A new network of independent producers hopes to prove that creating sound-rich podcasts can be a labor of love and a sustainable business as well.
Launched Feb. 4 by Public Radio Exchange and producer Roman Mars, Radiotopia aims to create a bigger digital audience for its network of seven producers. Together, their shows will also form a larger package that can be promoted to potential sponsors. Producers will retain ownership of their programs and share in any earnings.
The network will earn additional revenue through donations from listeners and fundraising efforts of individual producers. Its launch is funded by a $200,000 grant from the Knight Foundation, a sponsorship with MailChimp and funds from a 2013 Kickstarter campaign for Mars’s podcast, 99% Invisible.
Mars devised the concept for Radiotopia more than two years ago and serves as its lead architect. Julia Barton, a correspondent for public radio programs including PRI’s The World and Studio 360, has joined as a coordinator.
The seven podcasts included in Radiotopia’s launch share “an affinity around sound and an aesthetic approach, what we call story-driven audio,” said Jake Shapiro, PRX c.e.o. In addition to 99% Invisible, the programs are:
- Radio Diaries, a personal narrative series launched in 1996 by Joe Richman that has aired frequently as NPR newsmagazine segments;
- Benjamen Walker’s Theory of Everything, a storytelling hybrid of fact and fiction supported by PRX and created by Walker, who previously produced Too Much Information on New Jersey freeform station WFMU;
- Strangers, a storytelling series created by Lea Thau and supported by Los Angeles’s KCRW;
- Love + Radio, a surreal series combining reported pieces and fiction, created by Nick van der Kolk and supported by Chicago’s WBEZ;
- Fugitive Waves, a new archival-based program from the Kitchen Sisters; and
- The Truth, a semi-improvised radio drama series created by producer Jonathan Mitchell.
Though the network focuses on digital distribution, some of Radiotopia’s producers see their shows less as podcasts and more as public radio programs. “Everyone’s calling Radiotopia a podcast network, which I guess it is,” van der Kolk said. “But internally, no one calls it a podcast network.”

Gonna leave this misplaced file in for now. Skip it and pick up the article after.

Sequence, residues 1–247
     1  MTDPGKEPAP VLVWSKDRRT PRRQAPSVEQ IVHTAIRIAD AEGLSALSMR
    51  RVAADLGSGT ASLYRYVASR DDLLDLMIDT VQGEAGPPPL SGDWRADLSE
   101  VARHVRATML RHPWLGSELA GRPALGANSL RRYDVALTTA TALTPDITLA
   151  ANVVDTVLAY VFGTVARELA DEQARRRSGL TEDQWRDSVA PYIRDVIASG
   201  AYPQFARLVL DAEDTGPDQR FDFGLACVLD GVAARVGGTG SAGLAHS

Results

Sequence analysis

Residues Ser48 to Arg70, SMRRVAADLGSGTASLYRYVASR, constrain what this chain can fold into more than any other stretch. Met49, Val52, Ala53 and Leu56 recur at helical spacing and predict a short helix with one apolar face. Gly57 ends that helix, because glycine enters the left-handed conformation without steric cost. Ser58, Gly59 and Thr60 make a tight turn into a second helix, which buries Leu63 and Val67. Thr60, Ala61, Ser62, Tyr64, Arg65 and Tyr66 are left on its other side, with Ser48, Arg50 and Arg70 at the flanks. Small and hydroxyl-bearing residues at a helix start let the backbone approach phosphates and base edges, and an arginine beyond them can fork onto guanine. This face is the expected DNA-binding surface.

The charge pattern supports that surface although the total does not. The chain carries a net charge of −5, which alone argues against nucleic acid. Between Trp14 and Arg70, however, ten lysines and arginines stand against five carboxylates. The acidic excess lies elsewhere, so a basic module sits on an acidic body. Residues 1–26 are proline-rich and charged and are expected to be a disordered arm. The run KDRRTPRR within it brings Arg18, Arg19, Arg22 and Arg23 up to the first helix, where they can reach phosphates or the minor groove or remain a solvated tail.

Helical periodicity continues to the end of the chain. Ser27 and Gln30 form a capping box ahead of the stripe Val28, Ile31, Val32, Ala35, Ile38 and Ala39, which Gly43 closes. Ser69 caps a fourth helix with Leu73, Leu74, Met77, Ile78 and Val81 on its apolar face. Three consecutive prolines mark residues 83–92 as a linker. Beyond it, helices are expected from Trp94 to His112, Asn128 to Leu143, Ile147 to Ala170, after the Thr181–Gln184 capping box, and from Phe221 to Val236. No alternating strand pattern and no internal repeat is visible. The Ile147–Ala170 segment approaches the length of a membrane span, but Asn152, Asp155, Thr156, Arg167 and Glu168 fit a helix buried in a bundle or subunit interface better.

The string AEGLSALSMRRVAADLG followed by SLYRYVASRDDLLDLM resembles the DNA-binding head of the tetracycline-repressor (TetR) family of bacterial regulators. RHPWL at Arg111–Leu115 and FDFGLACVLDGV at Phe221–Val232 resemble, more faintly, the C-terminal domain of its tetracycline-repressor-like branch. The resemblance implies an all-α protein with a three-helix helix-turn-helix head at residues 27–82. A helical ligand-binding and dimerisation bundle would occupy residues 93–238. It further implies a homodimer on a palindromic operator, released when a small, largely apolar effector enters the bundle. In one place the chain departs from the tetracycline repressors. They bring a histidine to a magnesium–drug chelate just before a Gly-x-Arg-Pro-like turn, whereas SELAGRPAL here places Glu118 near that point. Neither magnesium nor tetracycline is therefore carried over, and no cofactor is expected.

The use of “radio” in the network’s title, which Mars borrowed with permission from former Third Coast International Audio Festival Artistic Director Julie Shapiro, carries a message. “I particularly want to reclaim the name ‘radio’ because I hate the name ‘podcast,’” Mars said.
Shapiro and Mars liken Radiotopia to “an indie label” for podcasters. “I’ve always wanted to run a punk rock record label, and this is my version,” Mars said. Shapiro also points to affinities with Maximum Fun, a seven-year-old donor-supported podcast network headed by Jesse Thorn, host of NPR’s Bullseye. Before landing a public radio show, Thorn got his start with the podcast The Sound of Young America.
“I’m happy to see some institutional support in public radio for new work that isn’t sourced from a station or a network,” Thorn wrote in an email. “I know for a fact that there are many people excluded from creating now because they don’t have support, or even the possibility of support.”
Radiotopia’s Walker and van der Kolk both distributed early iterations of their podcasts through alt.NPR, an online podcast network that NPR experimented with in the mid-2000s, and they pocketed small sums for their work. But that and other efforts provided too little support for podcasters to build sustaining audiences for their work.
“The stereotype of podcasting is entirely true, which is that it takes all your time and makes you no money,” said Thau. Before starting her podcast, Thau raised funds for nonprofit storytelling organization The Moth while serving for 10 years as its executive and creative director. But she still struggles with raising the necessary funds to keep her own show afloat.
“There’s been this real kind of chicken-and-egg issue” with producing Love + Radio, said van der Kolk. “In order to build up a more substantial audience, we need to produce more regularly; and how do we produce more regularly if we don’t have any support for the show?”
Radiotopia’s producers will get a head start, as each receives a share of the Knight Foundation grant. They must contribute at least one podcast each month, and several will produce more, with 99% Invisible becoming a weekly show this year.
The success of Radiotopia’s business model hinges on a well-stocked stream of new episodes to attract sponsors, Thau said.
Participating producers have also agreed to contribute to the network a share of any funds they raise individually. “There’s a slightly socialist principle to it, which is you get something and you give something back,” Thau said.
Some of Radiotopia’s participants have fundraising experience. Thau raised $21,000 for her show in a 2012 Kickstarter campaign, and Mitchell generated $30,000 for The Truth in a 2013 drive on his own site. In 2012, Mars’s 99% Invisible became Kickstarter’s most successful journalism project when it raised more than $170,000.
Mars hopes to ultimately use Radiotopia revenue to greenlight pilots for new series and to start a pipeline process for expanding offerings.
Some Radiotopia programs will also air on broadcast stations through various outlets, including the PRX Remix radio program, which Mars curates. PRX might provide stations with programs compiling Radiotopia’s offerings, which don’t always fit broadcast schedules as standalone pieces due to their irregular lengths.